How to Choose Names for Girls

Choosing a name for your daughter can be difficult. You want something beautiful, rare, and memorable. What you don’t want is to have the same name as every other little girl in her class. There are many naming trends to follow (or not), including given names, nature-inspired names, or even celebrity baby names. Here are some guidelines to consider before choosing that perfect name!

1) Consider your family’s history: Is there a common surname? If so, it might be wise to avoid it unless you have a good reason for doing otherwise. A lot of people use their mother’s maiden name as an initial middle name with their father’s last name as the final one, which could also work well if your mother had an unusual name. If your family doesn’t have any common names, you might want to consider traditional or classic names that have stood the test of time.

2) Make sure the name isn’t so unusual it could attract teasing: Is there something strange about how it’s spelled? Does it sound funny? Be sure to think about whether your kids are going to be getting teased for their names when they’re older. You don’t want them spending their whole lives trying to live down a terrible first impression. Also, be aware that some cultures may find certain names highly undesirable, especially if you’re not of that culture yourself.

3) It shouldn’t be difficult or confusing to spell or pronounce: Names like Ebony Jade are beautiful but hard for others to get right. Maybe you want a name like that but your daughter would like it spelled Ebbony Jhade (or something similar). Be realistic about how difficult it will be for others to spell and pronounce your child’s name. This applies not only to the spelling but also the pronunciations.

4) Make sure your kids can legally have their names: Some names may seem fine until you realize they’re forbidden by law, such as swear words and anything obscene or derogatory. Other names may just be ridiculous or extremely awkward in certain states. Check if there are any state laws before giving out pet names that sound weird or off-putting.

5) Think of possible nicknames: If your daughter’s full name is going to be too long or hard for people to remember, she’ll need a nickname. Is there something you could combine with her given name to make it easy and attractive sounding? For example, Sammich (from Samantha) is much easier than Samantha Emily Jane.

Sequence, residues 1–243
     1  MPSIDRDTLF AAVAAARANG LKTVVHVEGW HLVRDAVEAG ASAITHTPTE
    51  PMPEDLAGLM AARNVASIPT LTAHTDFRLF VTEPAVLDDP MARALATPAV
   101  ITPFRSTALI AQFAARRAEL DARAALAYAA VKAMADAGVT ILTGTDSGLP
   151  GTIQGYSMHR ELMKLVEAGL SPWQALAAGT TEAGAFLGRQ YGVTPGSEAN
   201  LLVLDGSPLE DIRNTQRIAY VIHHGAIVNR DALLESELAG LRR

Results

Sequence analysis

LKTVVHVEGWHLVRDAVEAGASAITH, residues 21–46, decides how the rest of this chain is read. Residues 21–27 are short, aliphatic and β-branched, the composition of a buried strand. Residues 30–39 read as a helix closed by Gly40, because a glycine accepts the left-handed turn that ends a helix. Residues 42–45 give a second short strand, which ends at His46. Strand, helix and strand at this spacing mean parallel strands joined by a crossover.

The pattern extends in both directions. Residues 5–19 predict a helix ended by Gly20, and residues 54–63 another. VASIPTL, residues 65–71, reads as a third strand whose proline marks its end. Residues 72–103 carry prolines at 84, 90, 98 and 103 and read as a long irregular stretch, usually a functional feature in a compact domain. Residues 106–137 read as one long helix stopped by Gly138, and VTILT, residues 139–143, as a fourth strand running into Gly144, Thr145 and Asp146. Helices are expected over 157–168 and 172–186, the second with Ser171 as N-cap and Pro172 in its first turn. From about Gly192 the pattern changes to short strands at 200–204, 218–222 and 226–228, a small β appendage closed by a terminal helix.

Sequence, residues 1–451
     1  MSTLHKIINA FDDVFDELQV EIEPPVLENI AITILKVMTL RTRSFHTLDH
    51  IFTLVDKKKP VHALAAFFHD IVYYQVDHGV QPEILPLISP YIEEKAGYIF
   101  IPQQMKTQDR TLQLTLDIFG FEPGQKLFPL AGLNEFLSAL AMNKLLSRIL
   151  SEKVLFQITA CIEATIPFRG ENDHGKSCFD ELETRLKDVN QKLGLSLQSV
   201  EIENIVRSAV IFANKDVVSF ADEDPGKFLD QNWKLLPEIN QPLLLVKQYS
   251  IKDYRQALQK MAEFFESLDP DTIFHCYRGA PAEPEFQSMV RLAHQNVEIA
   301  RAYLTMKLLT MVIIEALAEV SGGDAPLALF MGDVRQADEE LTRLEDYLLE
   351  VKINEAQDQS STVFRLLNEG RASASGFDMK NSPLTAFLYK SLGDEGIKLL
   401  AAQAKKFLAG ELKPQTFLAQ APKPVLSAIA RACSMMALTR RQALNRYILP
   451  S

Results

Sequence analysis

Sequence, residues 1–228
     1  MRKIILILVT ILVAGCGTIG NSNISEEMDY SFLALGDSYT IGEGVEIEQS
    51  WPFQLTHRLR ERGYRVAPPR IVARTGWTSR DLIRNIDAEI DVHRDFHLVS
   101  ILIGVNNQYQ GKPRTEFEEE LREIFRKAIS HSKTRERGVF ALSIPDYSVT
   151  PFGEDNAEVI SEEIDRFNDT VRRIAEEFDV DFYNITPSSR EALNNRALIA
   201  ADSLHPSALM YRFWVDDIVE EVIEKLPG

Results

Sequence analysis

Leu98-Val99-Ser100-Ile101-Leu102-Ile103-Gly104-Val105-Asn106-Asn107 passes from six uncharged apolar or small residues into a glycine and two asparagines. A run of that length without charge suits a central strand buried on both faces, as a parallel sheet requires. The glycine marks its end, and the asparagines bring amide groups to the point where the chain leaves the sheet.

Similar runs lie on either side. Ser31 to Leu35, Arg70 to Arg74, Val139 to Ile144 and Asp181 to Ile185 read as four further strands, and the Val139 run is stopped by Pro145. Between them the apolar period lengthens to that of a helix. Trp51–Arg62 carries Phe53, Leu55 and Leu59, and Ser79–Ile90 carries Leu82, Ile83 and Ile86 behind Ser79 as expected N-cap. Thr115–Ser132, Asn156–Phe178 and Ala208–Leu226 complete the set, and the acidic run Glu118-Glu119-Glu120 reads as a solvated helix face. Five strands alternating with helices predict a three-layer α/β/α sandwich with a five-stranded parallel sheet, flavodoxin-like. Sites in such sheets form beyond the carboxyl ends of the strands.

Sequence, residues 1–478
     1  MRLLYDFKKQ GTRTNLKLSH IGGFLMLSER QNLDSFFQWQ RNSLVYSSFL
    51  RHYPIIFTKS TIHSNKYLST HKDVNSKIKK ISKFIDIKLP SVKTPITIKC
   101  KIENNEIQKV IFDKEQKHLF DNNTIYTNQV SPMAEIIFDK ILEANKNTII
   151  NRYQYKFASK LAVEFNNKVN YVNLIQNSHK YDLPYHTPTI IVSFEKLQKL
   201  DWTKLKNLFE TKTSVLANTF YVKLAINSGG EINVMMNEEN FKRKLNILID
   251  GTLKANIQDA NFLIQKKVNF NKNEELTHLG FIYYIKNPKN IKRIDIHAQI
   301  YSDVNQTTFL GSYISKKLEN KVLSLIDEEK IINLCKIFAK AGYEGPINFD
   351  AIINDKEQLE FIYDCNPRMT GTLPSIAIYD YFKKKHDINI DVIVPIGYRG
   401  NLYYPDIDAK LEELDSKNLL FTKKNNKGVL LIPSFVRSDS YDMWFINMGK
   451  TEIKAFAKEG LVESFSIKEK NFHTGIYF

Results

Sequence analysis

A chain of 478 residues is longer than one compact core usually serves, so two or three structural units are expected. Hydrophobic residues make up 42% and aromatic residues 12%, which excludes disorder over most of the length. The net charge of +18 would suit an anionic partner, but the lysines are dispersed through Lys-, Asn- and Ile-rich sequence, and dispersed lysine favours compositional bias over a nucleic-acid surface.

6) Names that go together: Do your choices sound good when you pair them up side by side? The names Imani Summer and Jasmine Autumn may seem like they mesh well but the last two syllables of both “Imani” and “Jasmine” (/meɪni/ and /eɪmin/) blend together in a very awkward way.

7) Look at brand names: The problem with brand names is you never know if the company will be around when your kids are adults. If the company goes out of business, your kids may become stuck with a certain brand name forever. It’s not very cool, for instance, to have the same name as the old sidekick in Archie comics.

8) Honor family or friends without copying their names: This isn’t easy but it is necessary if you’re dead-set on using part of someone’s name. You might want to consider alliteration (like naming your daughter Samantha Marie or something similar) or having some kind of connection between her first and middle names. You could do this by putting their initials together or giving them both flower motifs for example.

9) Avoid popular culture references unless they fit well: You don’t want your daughter’s name to be a reference to some celebrity’s daughter unless it really fits. For example, Holly Madison and Rainbow Aurora may work but Miley Ray and Lily Luna probably won’t. It doesn’t look quite right and people will assume they’re horrible names just because they sound like such bad examples.

10) Stay away from too many initialisms: Initialisms come up often in our society with things like text messages and social media accounts, which is why abbreviations, acronyms, and initials are so popular for naming children these days. “B” as in Brayden or “K” as in Kennedy might work, but try not to go overboard or you might end up with muddled words that aren’t really words at all.

11) Think of the nicknames first: This is kind of obvious but it can’t hurt to include it. Choosing your daughter’s name first means thinking about what she’ll be called in the future if she goes by a nickname instead. Does that nickname sound good with her full name or would you have to shorten one of them? Would you call her “Ima” for short, for instance? If so, then Imogen probably isn’t a good choice because Ima just doesn’t sound right with it.

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